Friday, July 31, 2015

Time in the kingdom



Tsewang Namgyal

9 pm, an inky black sky, the distant rumble of a generator and dogs swapping barks across the neighborhood. The truck is loaded, and we’re stopped to pick up some jugs of kerosene for the final pieces of the supplies to a three week ski attempt on 7000m Kun (“queen”, in the Balti language of Purki, with Nun, the “king”, right next door).  A final cup of chai from ama-le (mother of the house), and we roll on, down the Singge Kha-Babs (“from the mouth of the lion”, translation, the Indus river).  The truck bounces and throws with its new load, about 500 kilos piled high, with food, stoves, tents, ropes, fuel, two cooks, and 2 powerful climbers, 1 Ladakhi (Namgyal) and 1 Nepali (Mingma).  Earlier today, I’d been in the main bazaar (market) of Leh, searching out a new map source, and sourcing EP gas for climbs in 2016.  I ran into Tsewang Namgyal, one of the newest Himalaya Alpine Guides. We discussed his plan to head to Zanskar, and I asked if he had room in the expedition supply truck. “Wait here, I’ll be back in ten minutes. An hour later, he turned up, “Ok Luke, we’re leaving at 9 pm tonight. I’ll pick you up.”  My reasoning for wanting to join him was for research (a “reccy” or reconnaissance) in Zanskar for climbs in the autumn of 2016.  Specifically, I wanted to have a look at the Drang Drung, Agshu (Hagshu), Kange, Haskira, and Bakartse watersheds for potential alpine climbing at the 5000-7000m elevation.  This altitude provides tremendous
Unnamed. Unclimbed.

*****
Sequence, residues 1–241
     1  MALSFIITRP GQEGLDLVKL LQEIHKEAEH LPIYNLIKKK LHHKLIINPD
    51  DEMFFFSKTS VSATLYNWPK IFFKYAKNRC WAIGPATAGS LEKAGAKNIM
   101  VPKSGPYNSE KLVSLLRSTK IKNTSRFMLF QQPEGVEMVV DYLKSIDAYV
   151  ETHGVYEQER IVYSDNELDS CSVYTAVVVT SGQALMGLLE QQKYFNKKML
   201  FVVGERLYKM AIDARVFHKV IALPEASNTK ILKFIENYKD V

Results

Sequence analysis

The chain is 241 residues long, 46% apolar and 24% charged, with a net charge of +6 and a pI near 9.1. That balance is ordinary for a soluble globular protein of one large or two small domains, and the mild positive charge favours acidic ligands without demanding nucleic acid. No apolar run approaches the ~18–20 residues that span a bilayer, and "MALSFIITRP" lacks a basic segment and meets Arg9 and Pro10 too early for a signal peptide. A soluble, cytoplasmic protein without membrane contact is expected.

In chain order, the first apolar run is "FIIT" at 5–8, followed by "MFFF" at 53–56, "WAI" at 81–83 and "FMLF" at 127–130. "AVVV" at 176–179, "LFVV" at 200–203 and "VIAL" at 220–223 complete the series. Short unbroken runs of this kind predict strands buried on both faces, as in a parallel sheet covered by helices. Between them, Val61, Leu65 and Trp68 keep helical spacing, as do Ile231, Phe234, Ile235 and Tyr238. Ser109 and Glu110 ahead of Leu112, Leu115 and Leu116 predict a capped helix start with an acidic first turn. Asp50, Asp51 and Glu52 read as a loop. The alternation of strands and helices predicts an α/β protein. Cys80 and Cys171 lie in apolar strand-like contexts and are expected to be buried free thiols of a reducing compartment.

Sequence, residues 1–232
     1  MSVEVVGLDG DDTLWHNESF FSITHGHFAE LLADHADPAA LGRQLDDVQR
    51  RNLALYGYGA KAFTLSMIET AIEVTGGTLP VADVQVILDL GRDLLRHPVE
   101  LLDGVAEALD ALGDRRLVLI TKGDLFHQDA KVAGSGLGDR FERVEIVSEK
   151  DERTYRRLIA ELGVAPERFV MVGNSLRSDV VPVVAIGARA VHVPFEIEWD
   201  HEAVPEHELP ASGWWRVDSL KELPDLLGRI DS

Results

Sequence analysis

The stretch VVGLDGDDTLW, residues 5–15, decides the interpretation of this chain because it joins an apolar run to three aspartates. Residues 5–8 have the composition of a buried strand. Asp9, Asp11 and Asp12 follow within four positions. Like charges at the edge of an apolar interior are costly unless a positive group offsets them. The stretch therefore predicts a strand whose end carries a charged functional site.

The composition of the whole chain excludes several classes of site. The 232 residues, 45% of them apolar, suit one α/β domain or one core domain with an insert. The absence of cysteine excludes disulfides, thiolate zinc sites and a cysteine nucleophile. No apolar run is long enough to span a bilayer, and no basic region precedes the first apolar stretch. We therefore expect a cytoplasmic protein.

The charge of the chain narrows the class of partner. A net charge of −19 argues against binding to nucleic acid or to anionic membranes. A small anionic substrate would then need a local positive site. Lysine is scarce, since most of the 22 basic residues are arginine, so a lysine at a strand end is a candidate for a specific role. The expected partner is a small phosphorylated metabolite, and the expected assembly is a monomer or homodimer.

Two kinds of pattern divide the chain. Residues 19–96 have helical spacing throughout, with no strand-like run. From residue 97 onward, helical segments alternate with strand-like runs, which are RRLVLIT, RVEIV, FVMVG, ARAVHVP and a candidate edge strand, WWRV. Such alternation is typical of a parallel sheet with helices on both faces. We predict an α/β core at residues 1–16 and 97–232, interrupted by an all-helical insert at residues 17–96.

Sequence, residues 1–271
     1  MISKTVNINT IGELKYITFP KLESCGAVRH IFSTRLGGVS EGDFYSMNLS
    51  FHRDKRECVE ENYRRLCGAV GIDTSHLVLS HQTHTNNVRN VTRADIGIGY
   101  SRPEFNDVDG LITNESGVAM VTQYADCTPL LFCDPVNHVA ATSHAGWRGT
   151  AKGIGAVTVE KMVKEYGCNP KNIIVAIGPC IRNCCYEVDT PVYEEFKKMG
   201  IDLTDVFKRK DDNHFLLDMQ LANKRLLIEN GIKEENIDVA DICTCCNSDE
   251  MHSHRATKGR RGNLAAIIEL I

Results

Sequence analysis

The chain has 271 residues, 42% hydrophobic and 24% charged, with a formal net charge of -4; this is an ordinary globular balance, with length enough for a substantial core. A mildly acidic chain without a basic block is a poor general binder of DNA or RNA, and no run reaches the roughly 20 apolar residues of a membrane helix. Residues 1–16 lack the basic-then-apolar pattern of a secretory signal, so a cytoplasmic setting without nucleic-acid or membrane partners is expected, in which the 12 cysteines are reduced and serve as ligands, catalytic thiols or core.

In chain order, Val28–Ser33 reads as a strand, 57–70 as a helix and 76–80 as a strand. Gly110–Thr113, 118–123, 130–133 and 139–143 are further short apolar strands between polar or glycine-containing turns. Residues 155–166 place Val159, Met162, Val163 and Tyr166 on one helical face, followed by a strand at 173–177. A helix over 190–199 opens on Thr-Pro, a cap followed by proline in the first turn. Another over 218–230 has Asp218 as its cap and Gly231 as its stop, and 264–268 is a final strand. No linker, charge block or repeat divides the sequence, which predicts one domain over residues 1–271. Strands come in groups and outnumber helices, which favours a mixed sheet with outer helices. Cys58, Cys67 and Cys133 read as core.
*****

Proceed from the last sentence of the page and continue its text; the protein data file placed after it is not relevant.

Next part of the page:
opportunities for attempting more challenging objectives in alpine style at a manageable altitude.  I had heard stories and seen images of more technical, rocky peaks in these watersheds, and had experienced it firsthand on a climb of Z-1 to the northwest in the Nun-Kun massif last Autumn, along with numerous unnamed peaks in the mountains to the North of the valley.  Having just flown here from touristed Chamonix, I’d seen the colorful placard in the town square demarcating a climb of Hagshu last Autumn by a Slovenian team, who received the Piolet D’or for their alpine style ascent. I can’t deny it didn’t refuel my interest to return to the area.
 
Unnamed. Unclimbed.
We reached Shafat around 12 pm the following day, unloading the expedition equipment for Kun, with Namgyal and I then heading on to Padum, him to find horses to transport the equipment on the rocky glaciated terrain to Kun base camp, and I to get my first view at the section of the valley from the Pensi La to Sani.  Don’t get me wrong, this would be my 12th visit to Zanskar, but I’d always come on foot, utilizing other valleys and passes. 
Driving through Zanskar.
     We rumbled on, reaching Padum in early evening, and stopping for a smart glass of Indian Army rum to shake off the 26 hour drive. We thanked the driver and paid him, and then Namgyal set to searching for horses for his expedition, while I secured a taxi pickup for our upcoming Menthosa expedition in September, and also acquired contacts for porters for the valleys I was planning to photograph and scour on the way back up the valley.
Dorje at the wheel.
  The night came, I found a room at the always classic Ibex Hotel (scene of many a Himalaya Alpine Guides trip starts and finishes), and set in for some much welcomed rest.  Namgyal had not located the horses he was hoping, and would need to go with porters from Rangdum, much to his discontent.  A good sleep in, and I woke for a good breakfast of chapattis and omelette before we walked to the edge of town to catch a ride with locals, as all taxis by mid-morning had left for Leh, but we had no regrets in getting the extra sleep.